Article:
RFQ (Request for Quote) is a document issued in order to find out how the object of the RFQ would be tackled by different suppliers and for how much. Usually, only the RFQ acronym is used.
What is an RFQ? When is it used?
RFQ is actually just another form of RFP. It is used when we need to get an offer from different suppliers, typically in a situation where the object of the RFQ is a commodity, and it can therefore be assumed that suppliers will compete with each other by means of price per unit or supplementary services.
Therefore, the RFQ issuer will usually require the price quotation. Nevertheless, when the information about the products or services are well known or generally available, the answers to specific questions or descriptions of products or solutions offered are likely not to be required.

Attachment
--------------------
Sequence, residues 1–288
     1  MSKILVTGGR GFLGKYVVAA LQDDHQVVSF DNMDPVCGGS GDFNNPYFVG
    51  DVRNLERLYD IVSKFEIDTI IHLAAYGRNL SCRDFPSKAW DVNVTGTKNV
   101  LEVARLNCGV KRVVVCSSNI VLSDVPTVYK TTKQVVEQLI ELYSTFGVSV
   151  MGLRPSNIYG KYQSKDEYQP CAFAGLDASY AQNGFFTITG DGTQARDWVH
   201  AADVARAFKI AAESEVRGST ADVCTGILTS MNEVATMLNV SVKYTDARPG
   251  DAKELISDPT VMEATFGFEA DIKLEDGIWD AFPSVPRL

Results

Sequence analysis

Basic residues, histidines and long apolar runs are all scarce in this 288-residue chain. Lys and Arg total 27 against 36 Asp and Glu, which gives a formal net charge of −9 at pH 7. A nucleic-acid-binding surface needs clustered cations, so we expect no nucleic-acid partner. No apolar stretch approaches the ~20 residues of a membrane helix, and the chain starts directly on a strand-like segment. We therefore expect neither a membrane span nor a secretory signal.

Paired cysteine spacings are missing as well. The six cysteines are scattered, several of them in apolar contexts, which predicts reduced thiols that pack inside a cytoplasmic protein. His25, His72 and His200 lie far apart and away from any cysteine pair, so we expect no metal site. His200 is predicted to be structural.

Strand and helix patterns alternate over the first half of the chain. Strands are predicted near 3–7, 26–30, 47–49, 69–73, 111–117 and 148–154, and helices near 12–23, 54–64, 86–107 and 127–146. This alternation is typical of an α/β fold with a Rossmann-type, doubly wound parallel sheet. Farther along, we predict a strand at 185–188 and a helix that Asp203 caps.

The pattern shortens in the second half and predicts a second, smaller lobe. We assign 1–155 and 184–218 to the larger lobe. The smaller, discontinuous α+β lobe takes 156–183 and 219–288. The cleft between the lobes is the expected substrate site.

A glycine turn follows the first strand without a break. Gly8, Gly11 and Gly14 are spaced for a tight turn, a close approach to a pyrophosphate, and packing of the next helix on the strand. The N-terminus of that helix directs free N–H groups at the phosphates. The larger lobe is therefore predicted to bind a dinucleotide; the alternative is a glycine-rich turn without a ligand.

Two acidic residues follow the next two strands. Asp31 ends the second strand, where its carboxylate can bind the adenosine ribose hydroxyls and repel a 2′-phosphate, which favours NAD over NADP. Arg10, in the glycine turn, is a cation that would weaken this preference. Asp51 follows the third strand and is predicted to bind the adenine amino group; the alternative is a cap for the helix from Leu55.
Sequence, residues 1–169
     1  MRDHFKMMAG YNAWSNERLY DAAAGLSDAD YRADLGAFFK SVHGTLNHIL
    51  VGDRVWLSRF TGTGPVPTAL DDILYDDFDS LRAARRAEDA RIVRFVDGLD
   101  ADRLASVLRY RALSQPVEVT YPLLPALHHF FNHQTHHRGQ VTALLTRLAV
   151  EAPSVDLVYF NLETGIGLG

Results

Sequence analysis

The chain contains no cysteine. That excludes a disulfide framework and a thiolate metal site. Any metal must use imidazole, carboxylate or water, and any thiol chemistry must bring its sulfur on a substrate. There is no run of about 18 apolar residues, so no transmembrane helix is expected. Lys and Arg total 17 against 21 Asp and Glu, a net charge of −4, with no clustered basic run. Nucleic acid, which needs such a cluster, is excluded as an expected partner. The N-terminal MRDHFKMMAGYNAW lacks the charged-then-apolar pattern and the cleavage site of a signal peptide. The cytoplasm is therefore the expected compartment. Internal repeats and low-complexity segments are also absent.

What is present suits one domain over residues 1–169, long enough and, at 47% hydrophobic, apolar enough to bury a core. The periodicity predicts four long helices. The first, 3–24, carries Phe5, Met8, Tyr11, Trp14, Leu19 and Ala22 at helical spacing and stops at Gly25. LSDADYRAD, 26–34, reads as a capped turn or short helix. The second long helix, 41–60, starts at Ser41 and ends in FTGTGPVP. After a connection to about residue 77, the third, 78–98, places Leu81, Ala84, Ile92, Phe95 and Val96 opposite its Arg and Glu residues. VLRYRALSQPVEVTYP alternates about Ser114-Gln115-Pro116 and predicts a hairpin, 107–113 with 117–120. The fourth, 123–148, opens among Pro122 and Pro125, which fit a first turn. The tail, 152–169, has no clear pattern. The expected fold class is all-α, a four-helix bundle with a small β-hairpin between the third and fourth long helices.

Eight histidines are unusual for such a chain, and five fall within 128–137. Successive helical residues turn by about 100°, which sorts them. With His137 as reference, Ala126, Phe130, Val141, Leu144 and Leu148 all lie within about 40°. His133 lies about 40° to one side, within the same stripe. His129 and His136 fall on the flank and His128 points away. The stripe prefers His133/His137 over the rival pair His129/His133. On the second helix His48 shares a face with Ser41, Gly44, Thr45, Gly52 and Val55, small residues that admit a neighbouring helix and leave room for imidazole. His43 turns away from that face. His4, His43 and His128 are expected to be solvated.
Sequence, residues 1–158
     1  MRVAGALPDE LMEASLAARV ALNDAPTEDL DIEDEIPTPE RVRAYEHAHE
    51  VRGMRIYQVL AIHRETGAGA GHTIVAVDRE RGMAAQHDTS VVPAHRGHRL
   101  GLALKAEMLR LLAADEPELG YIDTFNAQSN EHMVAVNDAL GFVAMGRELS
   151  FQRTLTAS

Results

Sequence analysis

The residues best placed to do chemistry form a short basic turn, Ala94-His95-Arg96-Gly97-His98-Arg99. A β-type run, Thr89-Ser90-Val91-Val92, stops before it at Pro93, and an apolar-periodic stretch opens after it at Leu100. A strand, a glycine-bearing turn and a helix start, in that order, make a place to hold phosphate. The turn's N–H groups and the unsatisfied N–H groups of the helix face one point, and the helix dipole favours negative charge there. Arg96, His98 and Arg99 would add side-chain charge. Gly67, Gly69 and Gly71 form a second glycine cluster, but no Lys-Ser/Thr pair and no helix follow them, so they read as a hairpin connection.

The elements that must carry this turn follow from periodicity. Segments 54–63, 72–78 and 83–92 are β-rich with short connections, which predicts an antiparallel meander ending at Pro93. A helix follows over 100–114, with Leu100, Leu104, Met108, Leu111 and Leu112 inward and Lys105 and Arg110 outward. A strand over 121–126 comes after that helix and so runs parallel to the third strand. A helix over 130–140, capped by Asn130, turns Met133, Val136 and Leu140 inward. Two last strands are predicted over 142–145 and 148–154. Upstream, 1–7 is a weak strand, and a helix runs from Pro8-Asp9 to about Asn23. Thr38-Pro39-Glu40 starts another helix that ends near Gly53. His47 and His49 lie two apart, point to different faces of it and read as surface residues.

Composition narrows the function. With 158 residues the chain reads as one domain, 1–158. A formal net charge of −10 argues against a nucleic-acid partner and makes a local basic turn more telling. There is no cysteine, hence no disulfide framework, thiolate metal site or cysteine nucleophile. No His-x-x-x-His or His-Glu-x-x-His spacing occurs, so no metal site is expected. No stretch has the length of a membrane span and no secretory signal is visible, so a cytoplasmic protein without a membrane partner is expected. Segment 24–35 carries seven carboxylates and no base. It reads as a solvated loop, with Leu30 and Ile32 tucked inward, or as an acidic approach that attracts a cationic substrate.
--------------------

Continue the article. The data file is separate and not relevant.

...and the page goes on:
Above all, the offeror (supplier) should therefore provide the answer to the question ‘how much’.
What should be included in a basic RFQ?
An RFP should be as detailed as needed so that the contacted suppliers are able to work out a quotation. That is why it should much more detailed than RFI and should contain:
- objectives of the delivery
- contact information
- requirements of the RFQ issuer
- mode of accepting the delivery
- deadline for submitting the bid
- delivery dates
- payment terms and price requirements